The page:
Professor Helen Yitah, Head of the Department of English, at the University of Ghana-Legon, has observed that reading among students, especially those in Senior High Schools has been taken over by social media.
“We are losing the culture of reading, I think that our students are reading less and less. When we were in that same school, some decades ago, we were reading a lot more. We had list of books to read and beyond that we had lots of supplementary reading that we did.”
Professor Yitah, who is a lead member of the Bawku Old Students Association (BOSA) said this in an interview with the Ghana News Agency (GNA) in Bolgatanga, the Upper East Regional capital after she inaugurated the BOSA Reading Club in Bawku.
She said reading built up students’ knowledge, language, experience of the world and the way people reacted to issues. “It made us the people that we have become. These days, reading has been put at the background, while social media has taken centre stage in the life of students.”
She said there was unique encounter in reading books that would not be found on the screens of phones, and television among others and explained that the initiative was to establish the culture of reading among students, and to encourage them to read more and perform better in all their courses.
The Professor said there was a decline in the academic performance of students over the years, and indicated that “we did a little survey and found that sometimes they do not even understand the questions let alone answer them properly.”
She said the language of students who text on WhatsApp, Facebook among others cribbed into their formal writing. “It is something that we have to do what we can to discourage. You cannot communicate formally using textese. Textese has its own place and formal writing has its own place, and they have to learn the right register for the right occasion.”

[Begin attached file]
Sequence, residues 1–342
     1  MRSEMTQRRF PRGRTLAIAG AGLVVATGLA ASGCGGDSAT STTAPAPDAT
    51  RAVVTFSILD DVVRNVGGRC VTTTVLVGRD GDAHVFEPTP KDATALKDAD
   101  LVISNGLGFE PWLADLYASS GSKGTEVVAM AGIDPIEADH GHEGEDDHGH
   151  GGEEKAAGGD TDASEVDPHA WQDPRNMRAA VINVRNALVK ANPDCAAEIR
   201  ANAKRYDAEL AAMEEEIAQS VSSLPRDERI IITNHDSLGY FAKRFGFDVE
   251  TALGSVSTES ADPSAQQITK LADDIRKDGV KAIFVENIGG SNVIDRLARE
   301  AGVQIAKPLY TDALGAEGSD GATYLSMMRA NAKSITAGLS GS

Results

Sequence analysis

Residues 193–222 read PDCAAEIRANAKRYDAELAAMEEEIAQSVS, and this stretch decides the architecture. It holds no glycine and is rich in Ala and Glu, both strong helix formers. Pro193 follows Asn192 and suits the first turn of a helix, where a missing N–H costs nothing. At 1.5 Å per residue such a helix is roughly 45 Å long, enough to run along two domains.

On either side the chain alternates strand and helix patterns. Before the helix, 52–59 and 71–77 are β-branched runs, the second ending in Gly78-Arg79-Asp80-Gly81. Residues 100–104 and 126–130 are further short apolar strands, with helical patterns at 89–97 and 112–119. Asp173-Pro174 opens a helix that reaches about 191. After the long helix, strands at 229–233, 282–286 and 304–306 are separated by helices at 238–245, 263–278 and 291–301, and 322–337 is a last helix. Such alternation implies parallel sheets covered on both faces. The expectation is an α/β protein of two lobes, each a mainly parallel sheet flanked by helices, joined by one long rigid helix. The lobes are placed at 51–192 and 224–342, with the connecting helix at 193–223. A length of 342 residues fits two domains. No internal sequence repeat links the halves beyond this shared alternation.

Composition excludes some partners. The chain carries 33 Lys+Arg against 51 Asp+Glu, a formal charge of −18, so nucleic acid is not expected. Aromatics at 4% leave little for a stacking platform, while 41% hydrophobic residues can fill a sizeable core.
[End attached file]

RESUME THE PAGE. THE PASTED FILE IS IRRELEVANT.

Professor Yitah encouraged all students at various levels of education to inculcate in themselves the habit of reading books that they find to be of interest, and insisted such books must be decent.
She said students could contact their teachers and mentors to help them choose right and decent books to read, “there is nothing that compares with actually holding a book and reading it. It is a unique experience that I will encourage all students everywhere to develop.”
Reverend Sylvester Agalga, Headmaster of the Bawku Senior High School, said it was sad that “The academic performance of the school leaves much to be desired. The failure rate and poor quality grades of students is alarming to the extent that this school has been categorised among the non-performing schools.”
He said “As the new Headmaster of this school, I wish to assure stakeholders that I will work relentlessly to reverse this downward trend, God being my helper,” and called for unity, support and dedication to duty among staff to rewrite the academic history of the school.
Reverend Agalga described as phenomenal the support of BOSA and the Parent Teacher Association (PTA) in the provision of the needed infrastructure to enhance teaching and learning.